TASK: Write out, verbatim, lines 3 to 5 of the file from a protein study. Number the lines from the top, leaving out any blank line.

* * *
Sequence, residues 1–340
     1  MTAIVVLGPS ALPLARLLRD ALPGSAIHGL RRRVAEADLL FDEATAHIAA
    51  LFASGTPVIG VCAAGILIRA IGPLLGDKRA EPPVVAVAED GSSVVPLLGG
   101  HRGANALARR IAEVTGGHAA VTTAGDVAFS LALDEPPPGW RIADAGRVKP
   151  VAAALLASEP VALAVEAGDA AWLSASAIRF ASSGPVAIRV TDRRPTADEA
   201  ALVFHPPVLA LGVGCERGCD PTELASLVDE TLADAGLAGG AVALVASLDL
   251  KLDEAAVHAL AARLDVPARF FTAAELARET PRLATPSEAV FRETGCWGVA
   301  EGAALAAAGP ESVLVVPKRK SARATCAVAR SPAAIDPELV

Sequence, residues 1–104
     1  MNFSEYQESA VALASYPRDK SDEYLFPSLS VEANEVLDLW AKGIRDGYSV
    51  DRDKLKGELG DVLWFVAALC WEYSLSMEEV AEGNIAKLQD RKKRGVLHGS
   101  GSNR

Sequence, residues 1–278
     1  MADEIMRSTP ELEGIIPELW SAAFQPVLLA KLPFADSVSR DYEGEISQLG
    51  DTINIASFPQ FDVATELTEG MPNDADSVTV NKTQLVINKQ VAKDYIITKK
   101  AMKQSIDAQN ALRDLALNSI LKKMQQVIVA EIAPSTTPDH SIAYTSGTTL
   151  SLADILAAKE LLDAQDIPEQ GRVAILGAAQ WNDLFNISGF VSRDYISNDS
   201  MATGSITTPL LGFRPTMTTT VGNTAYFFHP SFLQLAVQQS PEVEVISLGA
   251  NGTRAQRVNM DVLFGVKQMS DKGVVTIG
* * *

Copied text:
    51  LFASGTPVIG VCAAGILIRA IGPLLGDKRA EPPVVAVAED GSSVVPLLGG
   101  HRGANALARR IAEVTGGHAA VTTAGDVAFS LALDEPPPGW RIADAGRVKP
   151  VAAALLASEP VALAVEAGDA AWLSASAIRF ASSGPVAIRV TDRRPTADEA